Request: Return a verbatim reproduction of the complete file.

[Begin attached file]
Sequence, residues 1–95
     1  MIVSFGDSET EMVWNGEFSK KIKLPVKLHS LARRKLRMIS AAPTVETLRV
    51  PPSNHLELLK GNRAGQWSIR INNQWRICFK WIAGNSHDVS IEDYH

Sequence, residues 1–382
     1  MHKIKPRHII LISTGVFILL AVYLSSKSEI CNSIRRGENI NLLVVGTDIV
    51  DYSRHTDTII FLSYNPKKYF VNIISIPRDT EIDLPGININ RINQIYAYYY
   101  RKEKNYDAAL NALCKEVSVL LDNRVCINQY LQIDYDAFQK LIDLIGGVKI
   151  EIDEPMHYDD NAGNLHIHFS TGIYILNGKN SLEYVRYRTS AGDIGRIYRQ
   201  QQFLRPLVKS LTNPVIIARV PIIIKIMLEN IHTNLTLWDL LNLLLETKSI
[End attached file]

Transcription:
Sequence, residues 1–95
     1  MIVSFGDSET EMVWNGEFSK KIKLPVKLHS LARRKLRMIS AAPTVETLRV
    51  PPSNHLELLK GNRAGQWSIR INNQWRICFK WIAGNSHDVS IEDYH

Sequence, residues 1–382
     1  MHKIKPRHII LISTGVFILL AVYLSSKSEI CNSIRRGENI NLLVVGTDIV
    51  DYSRHTDTII FLSYNPKKYF VNIISIPRDT EIDLPGININ RINQIYAYYY
   101  RKEKNYDAAL NALCKEVSVL LDNRVCINQY LQIDYDAFQK LIDLIGGVKI
   151  EIDEPMHYDD NAGNLHIHFS TGIYILNGKN SLEYVRYRTS AGDIGRIYRQ
   201  QQFLRPLVKS LTNPVIIARV PIIIKIMLEN IHTNLTLWDL LNLLLETKSI